In the midst of the explosive R. Kelly racketeering and alleged sexual assault trial, Hip-Hop pioneer Afrika Bambaataa has been officially served legal papers in his own sex scandal.
The Bronx native and the organization he founded, the Universal Zulu Nation, has been charged with sex trafficking and prostituting a 12-year-old boy to older men for four years.
According to the Metropolis Newspaper, the case, John Doe vs. Lance Taylor, was filed in the Bronx Supreme Court on August 4, 2021, ten days before the August 14th deadline of the Child Victims Act (CVA) and a week before the celebration of Hip-Hop’s birthday — an occasion that Bam had championed for years.
It states in graphic details many of the allegations set against the DJ/ rapper.
One of the many assertions is that the Zulu Nation’s National Headquarters (and Bambaataa’s personal Bronx River apartment) on 1609 East 174th Street was where the “johns” would go to have sex with the child.
This is not the first time sex with minors has come up. Influencer and media personality Troi “Star” Torrain has posted a series of his own interviews with other alleged victims.
The alleged victim, who is anonymously referred to as John Doe in the lawsuit, has employed Tanner and Ortega to represent him.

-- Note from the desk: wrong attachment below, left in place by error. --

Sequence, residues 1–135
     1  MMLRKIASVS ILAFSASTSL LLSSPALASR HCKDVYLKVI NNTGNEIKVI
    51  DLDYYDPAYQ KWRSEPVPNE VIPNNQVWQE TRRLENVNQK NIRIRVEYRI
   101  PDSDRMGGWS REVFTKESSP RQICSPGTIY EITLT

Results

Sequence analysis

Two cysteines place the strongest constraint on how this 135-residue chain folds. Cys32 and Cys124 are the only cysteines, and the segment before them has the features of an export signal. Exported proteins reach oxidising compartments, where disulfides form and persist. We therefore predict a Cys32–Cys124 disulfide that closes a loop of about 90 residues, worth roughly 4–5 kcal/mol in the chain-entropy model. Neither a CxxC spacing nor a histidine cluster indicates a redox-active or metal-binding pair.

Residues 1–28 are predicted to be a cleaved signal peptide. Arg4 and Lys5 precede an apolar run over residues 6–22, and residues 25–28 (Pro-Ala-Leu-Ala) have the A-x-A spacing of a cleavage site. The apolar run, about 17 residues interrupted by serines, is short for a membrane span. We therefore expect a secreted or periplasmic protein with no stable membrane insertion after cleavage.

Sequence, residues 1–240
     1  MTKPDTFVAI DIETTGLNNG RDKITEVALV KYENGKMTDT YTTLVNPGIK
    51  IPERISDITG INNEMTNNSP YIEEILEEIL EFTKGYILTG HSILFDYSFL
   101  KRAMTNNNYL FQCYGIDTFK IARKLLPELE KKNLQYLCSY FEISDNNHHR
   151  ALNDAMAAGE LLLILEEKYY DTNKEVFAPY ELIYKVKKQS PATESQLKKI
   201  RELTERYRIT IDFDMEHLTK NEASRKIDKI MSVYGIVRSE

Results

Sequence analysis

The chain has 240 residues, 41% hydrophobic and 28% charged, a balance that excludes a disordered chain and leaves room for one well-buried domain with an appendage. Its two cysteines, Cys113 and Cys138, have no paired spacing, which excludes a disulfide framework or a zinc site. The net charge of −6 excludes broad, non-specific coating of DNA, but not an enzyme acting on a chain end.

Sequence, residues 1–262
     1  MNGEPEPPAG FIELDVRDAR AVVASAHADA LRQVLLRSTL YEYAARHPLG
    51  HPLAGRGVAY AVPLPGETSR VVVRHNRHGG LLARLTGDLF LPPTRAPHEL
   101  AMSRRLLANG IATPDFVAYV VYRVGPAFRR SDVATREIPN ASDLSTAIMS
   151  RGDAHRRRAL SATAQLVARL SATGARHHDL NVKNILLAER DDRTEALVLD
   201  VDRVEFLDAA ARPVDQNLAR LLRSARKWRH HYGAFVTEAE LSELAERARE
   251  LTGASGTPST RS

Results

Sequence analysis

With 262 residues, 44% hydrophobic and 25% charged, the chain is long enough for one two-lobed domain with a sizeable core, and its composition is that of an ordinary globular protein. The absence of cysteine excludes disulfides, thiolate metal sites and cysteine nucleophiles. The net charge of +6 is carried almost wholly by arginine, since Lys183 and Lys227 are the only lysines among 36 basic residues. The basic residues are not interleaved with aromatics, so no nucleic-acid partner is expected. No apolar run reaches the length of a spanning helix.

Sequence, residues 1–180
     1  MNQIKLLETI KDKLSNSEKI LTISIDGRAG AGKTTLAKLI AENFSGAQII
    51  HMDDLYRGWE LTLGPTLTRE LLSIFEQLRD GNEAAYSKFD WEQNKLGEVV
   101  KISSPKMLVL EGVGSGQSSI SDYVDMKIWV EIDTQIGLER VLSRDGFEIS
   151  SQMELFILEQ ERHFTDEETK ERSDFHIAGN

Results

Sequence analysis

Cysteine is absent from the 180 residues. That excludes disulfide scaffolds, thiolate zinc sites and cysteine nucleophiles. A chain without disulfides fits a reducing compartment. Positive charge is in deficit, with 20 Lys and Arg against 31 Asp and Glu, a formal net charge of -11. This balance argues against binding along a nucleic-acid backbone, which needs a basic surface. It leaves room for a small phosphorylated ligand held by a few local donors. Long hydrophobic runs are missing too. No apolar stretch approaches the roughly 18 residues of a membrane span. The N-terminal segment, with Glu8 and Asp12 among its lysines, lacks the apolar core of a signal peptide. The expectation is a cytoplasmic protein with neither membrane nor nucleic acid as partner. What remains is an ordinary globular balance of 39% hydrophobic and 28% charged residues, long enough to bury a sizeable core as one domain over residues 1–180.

Ortega states, “The CVA opened a historic one-year onetime window for victims and survivors of childhood sexual abuse in the State of New York to pursue lapsed claims. Prior to the passage of the CVA, each Plaintiff’s claims were time-barred the day they turned 22 years old.”
The lawsuit shares that John Doe met Bambaataa in 1991 when he was a preteen. At the age of 12, he started attending meetings, joined the organization, and became a Chaka, a member of the Zulu Nation security team.
The suit alleges that Bam invited the young man to work out at his home and complimented him on his muscular physique. He also touched his shoulders, biceps, and abdomen. Later he would also touch his genitalia. This was the start of years of the alleged abuse.
The five allegations are as follows: assault, civil battery, intentional infliction of emotional distress, negligent infliction of emotional distress, and gross negligence.